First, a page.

All that glitters may not be gold, but all that’s stamped with “Made in Germany” just might be. Cue the Beyerdynamic Aventho Wireless headphones: a mobile masterpiece. From the 3.5mm cable to the synthetic leather protein headband, the Aventho Wireless appear to have been crafted with the same care that goes into any clock, train, or luxury car from Beyerdynamic’s home country.
Who are these for?
Due to the wallet-deflating price tag of $449, those who are looking to get the most out of mobile listening no matter the cost will enjoy the Aventho.
Beyerdynamic takes a direct approach to packaging the Aventho Wireless. Thin cardboard encases the headphones and a padded, canvas carrying pouch. Typically, included carrying cases are unremarkable. But the double-sided cushioning, lining the lower half of the drawstring pouch, makes it worth writing home about. An interior elastic pocket holds a USB-C charging cable and 3.5mm cable.
Build quality is top-notch with the Beyerdynamic Aventho Wireless
Sophistication meets functionality with the Beyerdynamic Aventho Wireless build, which echoes design elements of the Beyerdynamic T51p headphones. The flat, circular panels on the outside of the supra aural ear cups protect Beyerdynamic’s acclaimed Tesla drivers. As dynamic speakers require strong magnets to move their diaphragm elements quickly, a more powerful magnetic driver—able to exert more force—means minimal distortion and greater energy efficiency than its conventional counterparts.
A matte finish successfully avoids oily fingerprints and general scratches. Unlike the left side, the right ear cup is blank and touch enabled, allowing users to command the Aventho with an assortment of intuitive gestures—virtually identical to those of the Sony WH-M1000X M2. You can adjust volume by swiping up and down, move tracks by swiping forward and backward.
Housed on the same ear cup is a USB C input, a 3.5mm input jack, an LED indicator, and a power button. With an easy learning curve and lightning fast responsiveness, “ease of use” is the Aventho’s middle name.
The metal headband, although gorgeous, has a penchant for pulling out rogue hairs.
Synthetic protein leather cushions the headband and ear cups. Though it’s not real, it appeals to those with an aversion to animal-derived materials. Also, given how thin the padding appears: it’s exceptionally comfortable while maintaining a slender profile. As per usual with on-ears, there is some discomfort when worn with glasses. After 45 minutes, the pressure coming from the weight of the metal unit becomes difficult to ignore. What’s more, the headband, although gorgeous, has a penchant for pulling out rogue hairs.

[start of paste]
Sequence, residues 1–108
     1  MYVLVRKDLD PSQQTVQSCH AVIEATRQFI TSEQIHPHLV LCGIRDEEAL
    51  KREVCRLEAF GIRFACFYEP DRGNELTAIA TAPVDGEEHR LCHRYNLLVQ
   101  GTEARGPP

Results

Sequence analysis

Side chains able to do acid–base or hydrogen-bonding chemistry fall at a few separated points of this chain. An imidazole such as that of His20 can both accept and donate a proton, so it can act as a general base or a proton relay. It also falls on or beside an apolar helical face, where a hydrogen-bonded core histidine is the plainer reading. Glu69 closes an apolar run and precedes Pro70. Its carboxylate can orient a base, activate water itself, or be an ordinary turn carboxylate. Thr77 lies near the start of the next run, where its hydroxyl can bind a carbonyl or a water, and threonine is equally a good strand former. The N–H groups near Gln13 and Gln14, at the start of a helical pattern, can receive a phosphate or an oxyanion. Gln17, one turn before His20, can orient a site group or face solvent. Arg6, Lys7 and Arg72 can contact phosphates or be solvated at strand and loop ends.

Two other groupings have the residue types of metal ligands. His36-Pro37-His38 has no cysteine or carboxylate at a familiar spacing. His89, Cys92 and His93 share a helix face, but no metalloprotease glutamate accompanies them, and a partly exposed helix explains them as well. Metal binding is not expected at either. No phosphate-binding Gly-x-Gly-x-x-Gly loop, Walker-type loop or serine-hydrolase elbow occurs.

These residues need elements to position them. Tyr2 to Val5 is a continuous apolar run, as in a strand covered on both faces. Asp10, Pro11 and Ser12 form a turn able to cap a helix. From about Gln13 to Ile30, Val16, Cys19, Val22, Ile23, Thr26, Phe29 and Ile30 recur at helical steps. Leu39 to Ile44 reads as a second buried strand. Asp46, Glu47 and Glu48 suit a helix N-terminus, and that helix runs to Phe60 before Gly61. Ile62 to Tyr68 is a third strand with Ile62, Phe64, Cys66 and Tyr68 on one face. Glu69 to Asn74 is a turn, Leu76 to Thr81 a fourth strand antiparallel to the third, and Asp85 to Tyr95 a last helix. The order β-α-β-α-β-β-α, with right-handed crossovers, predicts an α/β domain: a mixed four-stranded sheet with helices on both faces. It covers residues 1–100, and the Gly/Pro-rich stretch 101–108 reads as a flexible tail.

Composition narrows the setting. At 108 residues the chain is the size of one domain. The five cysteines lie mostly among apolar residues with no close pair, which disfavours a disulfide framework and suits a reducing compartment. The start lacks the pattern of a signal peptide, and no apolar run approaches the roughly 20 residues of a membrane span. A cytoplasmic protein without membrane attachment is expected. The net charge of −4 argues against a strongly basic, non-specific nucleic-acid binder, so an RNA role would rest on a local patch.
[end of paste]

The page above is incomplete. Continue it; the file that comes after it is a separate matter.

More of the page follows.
Two pivot points alleviate some of the pressure: one connects the forks to the headband and the other joins the forks to the ear cups. The former gives the headphones leeway to fold flat and the latter helps to relieve pressure on upper-ear cartilage.
The Beyerdynamic Aventho Wireless are able to operate up to 10 meters from a source device, typical for Bluetooth headphones. This works well when moving through large spaces with few obstacles. But when traveling from one floor of a house to another, the connection becomes disrupted due to various physical barriers.
What can be said, is that the Make It Yours app sucks battery like a binging Dracula on Halloween.
What Bluetooth codecs are compatible with the Beyerdynamic Aventho Wireless?
An array of Bluetooth codecs are compatible with the headphones, one being Qualcomm’s exceptional aptX HD codec. This grants a maximum transfer rate of 576 kbps and has a short latency period. Therefore, watching videos is almost lag and frustration-free. It’s also AAC compatible, great news for Apple users. For those who loathe Bluetooth like our Executive Editor, Chris Thomas: cabled listening is available. It’s a plain 1.2 meter detachable 3.5mm cord, and feels durable enough for regular use.
The MIY app could use some work
Back at IFA 2017, we praised Beyerdynamic and their partnership with Mimi Hearing Technologies for their conception of the MIY app. In theory, it’s remarkable. In practice, well… it needs a little work. The app promises a personalized sound and offers a slew of features but we had a lot of trouble getting it to work on our devices. Chris was unable to pair his Aventho Wireless headphones with the app. I, on the other hand, was able to get to that point, but the app froze during the personalized profile portion.
After four or five re-installations, I was able to experience the MIY app’s sound adaptation. The headphones sound great without the app, but with it, the signal processing greatly enhances the illusion of space in the recording you’re listening to. Increasing the intensity to 60 or 80 percent is like inflating a balloon; it sounds much roomier. There also appears to be volume increases occurring when switching from inactive to active.